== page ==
If your rice is already flavored with lime juice and cilantro, there's no point in trying to make rice pudding out of it. Instead, grate a carrot, chop some cabbage, add more cilantro and lime juice, a few chopped scallions, a splash of orange juice, a little salt, a little olive oil, and some diced avocado. Mix it up and eat it up.

Here are some other things I have done with my recent Big Batch of Beans.
1. Bean dip. You can treat these little critters pretty much like black beans, which is to say: spice them with olive oil, garlic, cumin, chipotle peppers, lime, cilantro and/or leftover salsa and puree using your favorite pureeing machine. I did two different incarnations of bean dip for two different cookouts. The smokier, more chipotle-heavy one was a bigger hit. But some people like the cilantro-heavy first one.

2. Chili. Again, use in place of black beans in your favorite recipe.

3. Stew. I guess this wasn't really all that different from the chili, but I didn't use any chili POWDER. Sauteed onions and garlic and adobo sauce, added some tomatoes and the leftover beans and broth, realized there were hardly any beans left, and quick chopped up sweet potatoes and zucchini and simmered with frozen corn. I also fried some cubed tofu in oil, braggs, chili powder, cumin, and coriander, and sprinkled with lime juice. Served the whole shebang over cilantro-lime brown rice.

The adzuki beans are finally gone and it's time to move on to some other corner of my bean stash. I'll keep you posted.

Hat tip to What the hell does a vegan eat, anyway, for depicting a version of this dish and sending me on an internet quest for more information.

Turns out not much information is needed. This is a one-pot meal with potatoes, pasta, green beans, and pesto. I added olive tapenade and Gimme Lean snausage for extra flava.

Pasta Genovese.

Pasta Genovese
3 Yukon Gold potatoes, peeled and cubed
8 ounces of pasta (a short cut of pasta--I used farfalle)
A few handfuls of green beans (I used frozen)
As much pesto as you need--at least 3 tablespoons, I'd say
Tapenade if you have it, or some chopped kalamata olives
Gimme Lean sausage, or your favorite alternative

Bring a big pot of water to a boil and then salt it. Add potatoes and cook until tender but holding their shape. Add the pasta and cook until al dente.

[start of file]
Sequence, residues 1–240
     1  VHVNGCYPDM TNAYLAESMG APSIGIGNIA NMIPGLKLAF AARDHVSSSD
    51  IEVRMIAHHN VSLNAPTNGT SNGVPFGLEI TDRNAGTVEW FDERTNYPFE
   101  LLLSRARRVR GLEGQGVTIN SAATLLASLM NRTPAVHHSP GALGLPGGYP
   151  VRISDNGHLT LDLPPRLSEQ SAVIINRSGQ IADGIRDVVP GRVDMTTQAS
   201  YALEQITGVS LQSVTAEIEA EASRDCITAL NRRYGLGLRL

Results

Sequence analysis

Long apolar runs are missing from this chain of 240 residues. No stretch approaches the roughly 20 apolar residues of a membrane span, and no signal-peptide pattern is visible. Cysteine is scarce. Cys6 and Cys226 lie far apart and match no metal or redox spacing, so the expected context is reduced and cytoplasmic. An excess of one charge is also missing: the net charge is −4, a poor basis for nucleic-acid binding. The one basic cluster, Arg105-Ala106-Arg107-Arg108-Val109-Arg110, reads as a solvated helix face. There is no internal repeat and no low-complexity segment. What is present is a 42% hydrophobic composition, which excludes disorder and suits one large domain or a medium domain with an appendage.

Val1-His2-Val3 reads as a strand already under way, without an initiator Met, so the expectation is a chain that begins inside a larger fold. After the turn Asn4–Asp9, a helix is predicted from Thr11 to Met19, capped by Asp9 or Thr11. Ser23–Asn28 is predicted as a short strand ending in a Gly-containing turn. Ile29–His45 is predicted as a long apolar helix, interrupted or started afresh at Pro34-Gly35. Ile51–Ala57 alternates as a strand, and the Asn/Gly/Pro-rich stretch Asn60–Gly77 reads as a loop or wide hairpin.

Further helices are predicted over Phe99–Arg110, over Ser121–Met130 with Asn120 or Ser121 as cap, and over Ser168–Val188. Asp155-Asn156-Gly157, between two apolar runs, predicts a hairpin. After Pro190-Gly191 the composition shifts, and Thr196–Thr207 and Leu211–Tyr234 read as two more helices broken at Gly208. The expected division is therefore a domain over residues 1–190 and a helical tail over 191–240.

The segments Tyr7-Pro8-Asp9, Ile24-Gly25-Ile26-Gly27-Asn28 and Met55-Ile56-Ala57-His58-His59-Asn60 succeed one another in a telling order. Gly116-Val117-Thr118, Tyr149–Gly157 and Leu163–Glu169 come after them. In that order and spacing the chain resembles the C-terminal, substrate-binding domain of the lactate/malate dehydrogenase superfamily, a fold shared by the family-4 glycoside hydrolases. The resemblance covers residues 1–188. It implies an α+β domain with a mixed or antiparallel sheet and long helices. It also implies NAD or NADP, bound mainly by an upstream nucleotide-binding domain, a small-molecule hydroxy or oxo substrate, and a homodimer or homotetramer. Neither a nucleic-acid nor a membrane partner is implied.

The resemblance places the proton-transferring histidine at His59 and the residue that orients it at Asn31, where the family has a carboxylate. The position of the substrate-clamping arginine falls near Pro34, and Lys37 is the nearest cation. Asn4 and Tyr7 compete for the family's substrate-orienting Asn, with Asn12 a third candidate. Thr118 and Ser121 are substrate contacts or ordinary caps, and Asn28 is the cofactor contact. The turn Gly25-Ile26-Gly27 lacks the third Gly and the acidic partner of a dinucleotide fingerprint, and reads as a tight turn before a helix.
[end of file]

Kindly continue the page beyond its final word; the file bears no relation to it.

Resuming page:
While this is going on, heat a bit of oil in a saute pan and add your veggie sausage in little plops and cook until nicely browned.

About 3 minutes before the pasta is scheduled to be done, add the green beans. If you're using frozen, add them a bit at a time, so you don't interfere with the water boiling.

When everything is done, drain in a fine colander, reserving some of the cooking water. I didn't actually need any, but it's a good thing to have on hand in case your pasta plus adornments seems a bit dry or sticky. Pour the pasta mixture into a bowl and stir in the pesto and olives/tapenade and sausage. If cheese is your thing, add some parmesan too. Salt (if needed) and pepper to taste and chow down.

My first adzuki bean project for the week was a super-hearty noodle dish.

Greens, Tofu, and Adzuki Beans with Soba Noodles
For the tofu:
Heat a few tablespoons of vegetable oil and a few dashes of soy sauce (or shoyu, or tamari, or whatever) over medium-high heat. Add a package of cubed firm tofu and saute until all sides are golden and crispy. When done, set them aside on a plate.

For the noodles:
Boil water and cook noodles according to package directions. Don't overcook unless you like gummy soba.

For the veg (use the tofu pan!):
A bit more oil
2 cloves garlic, minced
1 inch fresh ginger, minced
1 bunch of stemmed, chopped lacinato kale (regular is fine too)
As many chopped mushrooms as you like
2 cups cooked adzuki beans and some bean broth
A few handfuls of fresh chopped spinach, why not?
3 scallions, chopped
Sesame seeds
Rice vinegar, soy sauce, sesame oil, and sri racha to taste

Heat the oil in the pan and add ginger and garlic. Saute quickly and add chopped mushrooms and a bit of water if the pan is too dry. Add chopped kale, and a bit more water and some soy sauce, and braise your delicious greens. When the greens are cooked, add adzuki beans and broth, and cook it all together, adding water whenever the pan is dry. Dash on some sesame oil and sri racha sauce, and add the tofu back in and stir to coat.

Greens, adzuki beans, tofu, udon, I mean soba.
Serve over noodles garnished with scallions and sesame seeds.

Then! You have leftover noodles, and you want something like lo mein, and your co-op had house brand broccoli slaw for half price, so:

Broccoli Noodles
A bit of veg oil
A bit of sesame oil
A minced garlic clove
An inch of minced fresh ginger
A chopped leek
A ten ounce bag of broccoli slaw, or a bunch of peeled and grated brocc stems
A grated carrot
Some leftover noodles
Rice vinegar, soy sauce, and sri racha
A handful of chopped cilantro

Heat the oils and saute garlic and ginger for a minute or two. Add leek and saute until wilted and translucent. Throw in broccoli and carrots, and a few splashes of rice vinegar and soy sauce. Cook until the vegetables are tender-crisp, and stir in the noodles to coat and reheat. Add sri racha to taste and a wad of cilantro. Yummmm.

Broccoli Noodles.
I love this because it ends up being mostly broccoli with just a few noodles mixed in.

It's been the week of the chickpea here at the makeshift kitchen. Several days ago I cooked up a huge batch with no real plan for them, but it's been nice to have cooked beans on hand to use as I wish (and with which to make yet more Chickpea Cutlets). I just cooked an even larger batch of aduki/adzuki/azuki beans, so stay tuned as I explore their manifold uses.

Anyway, this slaw thing just sort of came to me after I shredded a bit of beet for a variation on the house salad the other day. I love beets in all forms, but I have to say I haven't done a lot of raw beet goodness apart from the occasional trip to a juice bar (my favorite: carrot apple beet juice with lots of ginger). This recipe totally remedies that situation. It also made use of an old-ass apple I had in the fridge. You know that one apple? It's gotten a little too wrinkly to eat as a snack, but you only have one of them, so you don't want to make applesauce? Here's one way to use that apple.

Carrot Apple Beet Slaw with Chickpeas.

Carrot Apple Beet Slaw with Chickpeas